Trans American Military Stories 

BY Diane Anderson-Minshall

September 21 2011 5:00 AM ET

Calpernia
Sarah Addams
 

Age: 40 (“But only about 18 years into life as my true
self. I still feel like a teenager!”)

Served: U.S. Navy, attached to the Marines during the first
Gulf War. “I served a four-year enlistment beginning in 1990. During my time as
a Field Medical Combat Specialist in the Navy Hospital Corps, I served in
Chicago, Memphis, North Carolina, Saudi Arabia and on a tiny, remote Alaskan
island.”

Now: An actress, singer, musician, activist, author,
writer, and producer in Hollywood, California. “You have to do more than one job
to make it in Hollywood.” Addams starred in Woman’s Picture and
in the Logo reality dating show, Transamerican Love Story.

Home
life:
“I am single, open to dating but
really focused on my art these days.”

Coming
out:
“Toward the end of my enlistment, I fell
in with a group of what I called ‘wilderness lesbians‘ and began to explore my
sexuality and gender for the very first time in my life. The support of those
women helped me embark on a path to self-discovery right at the moment my
enlistment was up, and within the year I was back home in Nashville, working as
a female entertainer and beginning my transition.”

Why
the Navy?
“I was a smart and creative
child who unfortunately grew up in what I call a Christian fundamentalist cult,
where education was energetically discouraged because it would ‘lead me away
from God.’” College was off the table, so Addams shipped off to Navy Basic
Training within a year. “I joined to get away from an oppressive upbringing
with no future. At age 18, I had never seen a movie in a theater, never been
allowed to listen to modern music, and had never been allowed to socialize with
my peers. The Navy jammed me in amongst my peers and made all of us work
together to better ourselves, and in the process I learned about the world outside
the cult in which I was raised.”

How
being trans affected her military career:

“When I was a toddler, I remember running through church wearing a paper nun's
hat screaming, ‘I'm Sister Batrille!’ because I wanted to be Sally Fields'
character from The Flying Nun on television. I had no words for
my feelings like transsexual or transgendered, I just knew that I often
fantasized deeply about being a girl and crushed on boys. I was a sensitive and
perceptive child. I knew from earliest ages that my feelings were bad, so I did
my best to hide them. The job I chose in the Navy was in the Hospital Corps as
a combat medic (NEC 8404), perhaps one of the few military jobs where
someone perceived as male was allowed to show empathy and nurturing.
I was often told that my voice had a particularly soothing quality to children
in the emergency room, and I was never ashamed to hold someone's hand if they
were in pain or frightened during a difficult medical procedure. I gave
professional comfort to many men, women, and children in some of the most
difficult and vulnerable moments of their lives, and I will always consider
that among my most worthwhile achievements.”

On
whether trans people ever be allowed to serve openly:
“I don't know if the Armed Services will ever allow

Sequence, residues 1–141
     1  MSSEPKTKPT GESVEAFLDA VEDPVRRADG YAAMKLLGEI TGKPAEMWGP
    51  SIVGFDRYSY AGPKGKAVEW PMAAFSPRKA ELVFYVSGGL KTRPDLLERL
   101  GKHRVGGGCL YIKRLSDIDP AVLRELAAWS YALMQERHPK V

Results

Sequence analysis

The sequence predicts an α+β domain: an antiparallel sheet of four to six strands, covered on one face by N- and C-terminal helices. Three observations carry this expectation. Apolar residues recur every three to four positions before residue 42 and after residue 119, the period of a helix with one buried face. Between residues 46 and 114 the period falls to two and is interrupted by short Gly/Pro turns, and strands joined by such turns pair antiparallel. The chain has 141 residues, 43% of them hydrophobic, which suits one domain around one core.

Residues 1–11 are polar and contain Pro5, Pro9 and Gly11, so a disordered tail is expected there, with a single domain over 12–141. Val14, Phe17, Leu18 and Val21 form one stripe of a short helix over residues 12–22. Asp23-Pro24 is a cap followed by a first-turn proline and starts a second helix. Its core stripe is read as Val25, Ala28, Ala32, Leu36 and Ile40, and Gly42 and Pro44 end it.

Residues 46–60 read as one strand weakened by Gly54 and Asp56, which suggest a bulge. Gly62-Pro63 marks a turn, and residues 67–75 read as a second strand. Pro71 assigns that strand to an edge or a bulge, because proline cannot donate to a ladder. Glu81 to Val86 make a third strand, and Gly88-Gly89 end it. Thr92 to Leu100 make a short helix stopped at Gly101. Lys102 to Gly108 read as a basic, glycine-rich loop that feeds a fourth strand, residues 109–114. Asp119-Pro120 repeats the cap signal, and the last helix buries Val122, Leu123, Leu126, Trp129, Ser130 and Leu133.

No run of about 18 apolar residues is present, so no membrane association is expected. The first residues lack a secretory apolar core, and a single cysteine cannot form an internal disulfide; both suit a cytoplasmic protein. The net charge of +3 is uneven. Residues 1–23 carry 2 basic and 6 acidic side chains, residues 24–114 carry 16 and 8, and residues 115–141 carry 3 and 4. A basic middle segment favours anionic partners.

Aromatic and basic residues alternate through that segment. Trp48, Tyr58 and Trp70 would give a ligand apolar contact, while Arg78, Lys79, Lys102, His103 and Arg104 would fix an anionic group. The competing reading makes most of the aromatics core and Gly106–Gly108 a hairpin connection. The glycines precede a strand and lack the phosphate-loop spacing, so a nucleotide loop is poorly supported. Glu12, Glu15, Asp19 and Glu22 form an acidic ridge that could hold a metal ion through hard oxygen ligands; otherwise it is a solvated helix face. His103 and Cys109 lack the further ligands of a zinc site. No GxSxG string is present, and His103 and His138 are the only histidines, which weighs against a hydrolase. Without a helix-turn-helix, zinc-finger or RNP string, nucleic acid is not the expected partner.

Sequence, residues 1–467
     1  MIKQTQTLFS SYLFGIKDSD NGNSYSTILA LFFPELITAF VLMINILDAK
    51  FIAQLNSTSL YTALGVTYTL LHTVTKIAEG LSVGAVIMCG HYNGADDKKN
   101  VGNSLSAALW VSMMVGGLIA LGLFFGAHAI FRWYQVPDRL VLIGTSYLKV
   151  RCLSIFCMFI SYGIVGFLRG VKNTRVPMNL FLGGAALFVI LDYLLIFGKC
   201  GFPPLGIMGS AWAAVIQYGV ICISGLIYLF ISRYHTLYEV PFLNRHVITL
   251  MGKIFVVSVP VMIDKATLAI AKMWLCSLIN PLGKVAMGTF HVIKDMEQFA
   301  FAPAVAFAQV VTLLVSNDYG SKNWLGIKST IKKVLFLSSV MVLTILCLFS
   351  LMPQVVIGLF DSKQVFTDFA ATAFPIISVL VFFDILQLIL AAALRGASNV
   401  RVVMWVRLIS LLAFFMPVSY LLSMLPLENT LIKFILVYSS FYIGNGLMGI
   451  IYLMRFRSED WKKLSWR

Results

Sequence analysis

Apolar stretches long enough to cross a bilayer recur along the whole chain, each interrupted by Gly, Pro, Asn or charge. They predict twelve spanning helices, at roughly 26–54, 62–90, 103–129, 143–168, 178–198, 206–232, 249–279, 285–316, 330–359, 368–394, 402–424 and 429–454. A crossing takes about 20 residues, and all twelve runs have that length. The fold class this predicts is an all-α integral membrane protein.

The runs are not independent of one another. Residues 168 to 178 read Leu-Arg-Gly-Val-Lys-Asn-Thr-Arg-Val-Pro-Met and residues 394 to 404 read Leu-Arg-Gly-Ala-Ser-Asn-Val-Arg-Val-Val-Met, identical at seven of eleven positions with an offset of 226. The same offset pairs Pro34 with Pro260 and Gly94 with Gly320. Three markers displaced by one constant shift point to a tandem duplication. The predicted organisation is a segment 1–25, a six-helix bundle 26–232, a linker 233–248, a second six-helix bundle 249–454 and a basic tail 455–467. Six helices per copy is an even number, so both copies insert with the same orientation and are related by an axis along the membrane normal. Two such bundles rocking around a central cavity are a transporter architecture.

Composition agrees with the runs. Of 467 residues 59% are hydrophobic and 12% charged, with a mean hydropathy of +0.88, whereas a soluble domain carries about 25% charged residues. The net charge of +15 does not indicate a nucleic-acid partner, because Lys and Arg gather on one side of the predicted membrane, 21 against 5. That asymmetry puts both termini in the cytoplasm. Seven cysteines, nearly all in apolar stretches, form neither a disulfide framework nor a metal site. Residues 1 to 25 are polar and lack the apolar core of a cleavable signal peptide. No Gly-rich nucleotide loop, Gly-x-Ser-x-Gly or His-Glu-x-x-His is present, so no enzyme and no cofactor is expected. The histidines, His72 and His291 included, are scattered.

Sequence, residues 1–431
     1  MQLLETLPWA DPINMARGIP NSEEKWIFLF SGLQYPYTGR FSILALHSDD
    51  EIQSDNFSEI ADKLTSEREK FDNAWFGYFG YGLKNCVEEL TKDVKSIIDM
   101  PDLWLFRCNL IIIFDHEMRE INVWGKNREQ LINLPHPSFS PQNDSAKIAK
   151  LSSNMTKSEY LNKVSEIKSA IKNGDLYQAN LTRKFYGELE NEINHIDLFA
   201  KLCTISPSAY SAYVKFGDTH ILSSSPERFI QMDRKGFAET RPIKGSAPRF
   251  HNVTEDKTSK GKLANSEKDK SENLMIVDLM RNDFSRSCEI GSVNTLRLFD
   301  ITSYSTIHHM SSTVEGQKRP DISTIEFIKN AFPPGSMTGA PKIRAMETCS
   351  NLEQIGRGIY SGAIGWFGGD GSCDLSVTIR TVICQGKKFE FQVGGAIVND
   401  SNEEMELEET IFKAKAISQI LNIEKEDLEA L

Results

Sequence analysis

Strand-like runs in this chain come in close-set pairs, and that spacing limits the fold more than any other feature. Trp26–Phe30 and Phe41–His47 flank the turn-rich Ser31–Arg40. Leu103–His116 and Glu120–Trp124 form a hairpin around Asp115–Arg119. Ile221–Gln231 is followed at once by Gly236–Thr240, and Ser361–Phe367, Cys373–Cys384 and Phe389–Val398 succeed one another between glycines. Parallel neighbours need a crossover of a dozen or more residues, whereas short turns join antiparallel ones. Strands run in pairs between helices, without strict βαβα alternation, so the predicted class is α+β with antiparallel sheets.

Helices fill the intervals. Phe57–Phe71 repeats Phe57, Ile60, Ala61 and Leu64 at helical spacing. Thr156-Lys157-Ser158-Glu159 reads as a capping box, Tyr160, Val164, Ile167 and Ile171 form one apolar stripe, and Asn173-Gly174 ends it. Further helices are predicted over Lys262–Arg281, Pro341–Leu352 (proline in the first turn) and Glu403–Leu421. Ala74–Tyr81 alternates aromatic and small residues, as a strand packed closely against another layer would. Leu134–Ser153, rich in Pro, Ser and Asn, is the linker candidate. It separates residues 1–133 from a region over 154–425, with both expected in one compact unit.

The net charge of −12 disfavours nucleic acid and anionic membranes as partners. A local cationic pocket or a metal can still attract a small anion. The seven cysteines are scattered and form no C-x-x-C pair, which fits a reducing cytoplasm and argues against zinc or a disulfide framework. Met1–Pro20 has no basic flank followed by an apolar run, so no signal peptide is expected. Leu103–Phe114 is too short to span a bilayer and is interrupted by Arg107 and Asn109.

transgender or transsexual members. I'm very pessimistic in general as to what
I expect from the world. We've only just recently ‘repealed’ don't ask, don't
tell, and I put that in quotes because there are still cases pending against
soldiers, sailors, and marines because of their sexuality. Transition is among
the most difficult times of someone's lives, so in any case I would recommend
that someone finish transition before joining the military. I'd have wanted to
be very secure in something as basic as my body and social gender presentation
before I went through the trials of boot camp, the Gulf War, and harrowing
emergency room medicine. I don't forgive society for treating GLBT people like
third-class citizens, even if they begrudgingly give us partial legal rights
now. They're not sorry, and I haven't forgotten.”

What
part of your military service is most memorable for you?
“My time in the war was so surreal that it's
difficult to focus on it nowadays. Instead, I often dream that I'm back on the
remote Alaskan island where I drove an ambulance through snowstorms up and down
the sides of a volcano, or shivered in
my parka as I searched for a vein shrunken deep under the skin by the cold, or
flew to a tiny neighboring island to rescue a downed Chinese
airliner
 full of injured passengers. Pewter grey ocean framed by
elemental clouds lit from behind as they must have been at the very beginning
of time while we lived our lives surrounded by the rusted ruins of military
operations reaching back to World War II.”

Would
you do it all over again?
“For me, in my
unique circumstances, the military took me out of a soul-killing home situation
and exposed me to the world at large. It taught me strength, discipline,
self-reliance, and skills that carried me through all the rest of my life.
Today, even as a cabaret singer and actress, I walk onstage knowing that I have
hefted an M16 assault rifle across desert sands in defense of my hospital and
pressed my bare hands against the gushing lifeblood of a wounded soldier. And
after that, what is there, really, to be scared of?”

Read
more about Calpernia’s time
in the military
or in Alaska as a Navy
medic
. 

AddThis

READER COMMENTS ()

Quantcast